Letter to Presendia Huntington Buell, 15 March 1839
JS, Letter, , Clay Co., MO, to , , MO, 15 Mar. 1839. Featured version copied [16 Dec. 1854]; handwriting of ; two pages; inserted in JS History, 1838–1856, vol. C-1, p. 898; Historian’s Office, History of the Church, 1839–ca. 1882, CHL. Includes docket and redactions.
Single leaf measuring 12½ × 8 inches (32 × 20 cm), with thirty-five printed lines per page. The top, bottom, and right edges have the square cut of manufactured paper; the left edge is unevenly cut. After the document was folded for filing, added a docket. At an unknown date, a wafer was used to attach the top right corner of the verso to page 898 of JS History, 1838–1856, volume C-1. The top right corner of both the recto and the verso of the letter were inscribed in graphite with “898”. At some point, cellophane tape was applied where the paper had torn away from the adhesive wafer.
Little is known about the custodial history of the original letter, which is apparently not extant. It presumably remained in ’s possession for much of her life. On 16 December 1854, Buell temporarily loaned it to , a clerk in the Church Historian’s Office, for copying. Bullock’s copy was likely filed in the Church Historian’s Office for some time before it was inserted into volume C-1, as evidenced by wear along the copy’s folds. It was added to that volume by 1905. Volume C-1 has remained in the custody of the Church Historian’s Office and successor institutions since its creation, as noted in inventories of church records.
See “Schedule of Church Records. Nauvoo 1846,” ; “Inventory. Historians Office. G. S. L. City April 1. 1857,” ; “Index of Records and Journals in the Historian’s Office 1878,” , Historian’s Office, Catalogs and Inventories, 1846–1904, CHL.
Historian’s Office. Catalogs and Inventories, 1846–1904. CHL. CR 100 130.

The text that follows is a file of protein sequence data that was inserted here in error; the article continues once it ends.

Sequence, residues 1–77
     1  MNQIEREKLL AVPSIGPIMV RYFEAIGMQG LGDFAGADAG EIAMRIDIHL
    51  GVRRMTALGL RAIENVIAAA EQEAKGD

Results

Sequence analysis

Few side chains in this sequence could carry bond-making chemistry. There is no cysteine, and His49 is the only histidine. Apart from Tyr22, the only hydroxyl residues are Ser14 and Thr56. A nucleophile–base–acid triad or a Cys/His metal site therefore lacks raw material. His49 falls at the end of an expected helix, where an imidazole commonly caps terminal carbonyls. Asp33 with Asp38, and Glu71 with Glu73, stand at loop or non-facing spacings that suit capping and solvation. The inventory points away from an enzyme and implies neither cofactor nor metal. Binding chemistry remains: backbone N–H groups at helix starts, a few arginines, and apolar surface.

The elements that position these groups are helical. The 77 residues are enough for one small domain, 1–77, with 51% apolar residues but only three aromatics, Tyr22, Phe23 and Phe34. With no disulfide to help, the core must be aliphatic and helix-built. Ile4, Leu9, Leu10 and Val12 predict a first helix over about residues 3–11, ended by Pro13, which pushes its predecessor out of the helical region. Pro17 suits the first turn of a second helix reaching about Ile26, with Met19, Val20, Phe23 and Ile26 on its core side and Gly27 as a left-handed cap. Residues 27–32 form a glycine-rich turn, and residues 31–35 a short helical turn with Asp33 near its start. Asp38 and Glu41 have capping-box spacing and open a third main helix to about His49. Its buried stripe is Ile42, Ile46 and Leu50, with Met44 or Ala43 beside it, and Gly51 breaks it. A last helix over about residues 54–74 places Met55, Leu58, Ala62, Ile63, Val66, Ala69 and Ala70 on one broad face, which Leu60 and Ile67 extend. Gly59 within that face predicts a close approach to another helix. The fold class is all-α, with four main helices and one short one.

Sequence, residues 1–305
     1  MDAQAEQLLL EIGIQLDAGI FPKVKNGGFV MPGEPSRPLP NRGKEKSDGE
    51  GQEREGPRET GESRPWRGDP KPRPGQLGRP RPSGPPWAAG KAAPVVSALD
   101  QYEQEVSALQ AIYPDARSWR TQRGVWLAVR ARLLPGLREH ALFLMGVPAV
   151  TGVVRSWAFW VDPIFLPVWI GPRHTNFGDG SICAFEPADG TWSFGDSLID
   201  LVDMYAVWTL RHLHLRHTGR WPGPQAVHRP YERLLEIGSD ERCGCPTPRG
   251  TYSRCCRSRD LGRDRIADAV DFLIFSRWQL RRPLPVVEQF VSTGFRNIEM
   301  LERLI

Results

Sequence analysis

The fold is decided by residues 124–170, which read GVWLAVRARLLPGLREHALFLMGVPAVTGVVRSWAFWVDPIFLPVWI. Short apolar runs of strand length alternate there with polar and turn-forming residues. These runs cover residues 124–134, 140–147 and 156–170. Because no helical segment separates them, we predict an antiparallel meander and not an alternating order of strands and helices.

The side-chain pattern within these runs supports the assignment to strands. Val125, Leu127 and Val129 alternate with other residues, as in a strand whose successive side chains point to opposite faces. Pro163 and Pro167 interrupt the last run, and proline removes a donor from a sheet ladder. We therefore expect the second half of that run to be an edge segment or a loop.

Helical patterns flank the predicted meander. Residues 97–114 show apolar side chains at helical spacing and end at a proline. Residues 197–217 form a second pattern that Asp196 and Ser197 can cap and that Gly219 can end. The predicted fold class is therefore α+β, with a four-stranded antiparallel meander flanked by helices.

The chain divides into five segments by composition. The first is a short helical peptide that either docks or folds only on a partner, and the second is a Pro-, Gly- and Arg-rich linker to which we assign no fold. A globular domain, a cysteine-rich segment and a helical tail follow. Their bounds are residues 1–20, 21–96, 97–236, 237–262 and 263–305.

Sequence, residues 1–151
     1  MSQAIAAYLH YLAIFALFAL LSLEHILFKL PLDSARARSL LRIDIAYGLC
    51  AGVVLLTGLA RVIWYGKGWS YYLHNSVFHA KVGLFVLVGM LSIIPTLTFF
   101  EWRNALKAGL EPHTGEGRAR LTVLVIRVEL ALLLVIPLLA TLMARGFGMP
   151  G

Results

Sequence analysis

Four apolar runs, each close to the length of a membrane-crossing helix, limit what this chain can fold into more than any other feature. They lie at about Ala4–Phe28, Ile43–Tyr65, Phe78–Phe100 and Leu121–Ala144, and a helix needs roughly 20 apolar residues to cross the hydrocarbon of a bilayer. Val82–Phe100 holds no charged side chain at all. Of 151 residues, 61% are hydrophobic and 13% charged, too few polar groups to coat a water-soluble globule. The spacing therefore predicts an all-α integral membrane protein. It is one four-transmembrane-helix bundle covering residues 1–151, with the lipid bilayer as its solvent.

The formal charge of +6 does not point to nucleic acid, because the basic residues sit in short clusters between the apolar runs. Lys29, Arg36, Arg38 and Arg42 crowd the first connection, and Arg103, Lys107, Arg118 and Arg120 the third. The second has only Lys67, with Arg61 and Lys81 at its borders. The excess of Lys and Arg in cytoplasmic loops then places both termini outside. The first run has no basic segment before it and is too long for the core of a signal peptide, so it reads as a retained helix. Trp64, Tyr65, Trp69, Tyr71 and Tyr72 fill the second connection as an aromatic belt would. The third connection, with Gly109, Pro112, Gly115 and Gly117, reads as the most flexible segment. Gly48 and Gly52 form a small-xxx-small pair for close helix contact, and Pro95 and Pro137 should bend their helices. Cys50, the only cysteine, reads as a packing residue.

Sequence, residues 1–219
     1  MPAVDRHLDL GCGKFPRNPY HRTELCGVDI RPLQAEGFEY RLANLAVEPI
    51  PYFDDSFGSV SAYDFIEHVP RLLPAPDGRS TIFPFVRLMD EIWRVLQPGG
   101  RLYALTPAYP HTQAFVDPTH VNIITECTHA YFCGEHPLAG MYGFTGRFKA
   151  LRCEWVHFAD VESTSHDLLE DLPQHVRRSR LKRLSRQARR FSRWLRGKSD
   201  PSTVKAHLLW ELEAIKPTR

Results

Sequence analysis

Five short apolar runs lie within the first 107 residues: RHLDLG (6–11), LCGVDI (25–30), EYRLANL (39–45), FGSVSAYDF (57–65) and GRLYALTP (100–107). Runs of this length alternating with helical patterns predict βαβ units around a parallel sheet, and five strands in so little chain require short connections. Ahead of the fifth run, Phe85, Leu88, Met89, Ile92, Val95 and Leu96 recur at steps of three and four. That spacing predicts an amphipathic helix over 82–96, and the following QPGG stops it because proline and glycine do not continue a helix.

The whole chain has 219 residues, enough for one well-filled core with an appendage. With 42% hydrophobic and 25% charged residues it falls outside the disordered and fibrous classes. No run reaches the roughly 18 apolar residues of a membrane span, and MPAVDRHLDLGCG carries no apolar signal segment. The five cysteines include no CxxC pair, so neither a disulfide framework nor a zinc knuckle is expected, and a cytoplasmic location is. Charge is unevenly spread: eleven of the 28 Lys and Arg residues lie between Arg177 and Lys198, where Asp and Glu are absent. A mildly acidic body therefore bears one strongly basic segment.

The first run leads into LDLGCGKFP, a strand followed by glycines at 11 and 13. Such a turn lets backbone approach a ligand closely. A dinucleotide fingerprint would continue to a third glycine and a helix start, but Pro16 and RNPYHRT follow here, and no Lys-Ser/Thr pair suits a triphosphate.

On 15 March 1839, JS wrote from the in , Missouri, to , a who was also living in the county. noted in his journal that earlier in the day, Buell visited the jail with her father, , as well as , , and . Presumably, the purpose of the visit was for the four men to sign JS’s petition for a writ of . While there, Buell requested to converse with the prisoners privately, but the jailer would not permit it.
On the afternoon or evening of 15 March 1839, after the visitors departed and the petition was completed, JS wrote this letter to . While imprisoned in , JS often relied on his fellow prisoners to act as scribes for lengthy documents created for a general church audience or for the government, but he personally wrote short communications to his wife . Because the original letter to Buell is apparently not extant, it is unknown who acted as the scribe. However, at the conclusion of this letter, JS stated that “I wanted to communicate something and I wrote this,” suggesting he penned the letter himself. Believing that Buell desired counsel as to whether she and her husband, , should remain in or with the in , JS advised the latter. He also offered encouragement, quoted liberally from scripture, and expressed his desire to once again be with church members and teach them the gospel. The address, “To Mrs. Norman Buel | Clay Co. | Mo.,” suggests that JS completed the letter after Buell left the and that he had someone carry the letter to her home.